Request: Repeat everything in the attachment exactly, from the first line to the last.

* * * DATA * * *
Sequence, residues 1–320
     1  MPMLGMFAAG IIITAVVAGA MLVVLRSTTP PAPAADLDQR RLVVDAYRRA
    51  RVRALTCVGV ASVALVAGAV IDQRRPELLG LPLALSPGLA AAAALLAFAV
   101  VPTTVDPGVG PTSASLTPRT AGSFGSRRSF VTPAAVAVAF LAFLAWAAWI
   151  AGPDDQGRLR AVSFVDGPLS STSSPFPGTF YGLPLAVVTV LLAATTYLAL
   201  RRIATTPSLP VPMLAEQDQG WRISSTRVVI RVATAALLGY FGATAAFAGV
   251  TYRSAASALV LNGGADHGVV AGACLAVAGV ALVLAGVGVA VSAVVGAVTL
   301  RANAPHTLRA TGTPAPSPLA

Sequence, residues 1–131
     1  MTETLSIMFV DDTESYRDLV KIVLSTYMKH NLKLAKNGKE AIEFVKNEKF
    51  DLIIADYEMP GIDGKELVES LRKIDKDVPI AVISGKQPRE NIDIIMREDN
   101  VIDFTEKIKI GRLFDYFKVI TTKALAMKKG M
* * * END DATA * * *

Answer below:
Sequence, residues 1–320
     1  MPMLGMFAAG IIITAVVAGA MLVVLRSTTP PAPAADLDQR RLVVDAYRRA
    51  RVRALTCVGV ASVALVAGAV IDQRRPELLG LPLALSPGLA AAAALLAFAV
   101  VPTTVDPGVG PTSASLTPRT AGSFGSRRSF VTPAAVAVAF LAFLAWAAWI
   151  AGPDDQGRLR AVSFVDGPLS STSSPFPGTF YGLPLAVVTV LLAATTYLAL
   201  RRIATTPSLP VPMLAEQDQG WRISSTRVVI RVATAALLGY FGATAAFAGV
   251  TYRSAASALV LNGGADHGVV AGACLAVAGV ALVLAGVGVA VSAVVGAVTL
   301  RANAPHTLRA TGTPAPSPLA

Sequence, residues 1–131
     1  MTETLSIMFV DDTESYRDLV KIVLSTYMKH NLKLAKNGKE AIEFVKNEKF
    51  DLIIADYEMP GIDGKELVES LRKIDKDVPI AVISGKQPRE NIDIIMREDN
   101  VIDFTEKIKI GRLFDYFKVI TTKALAMKKG M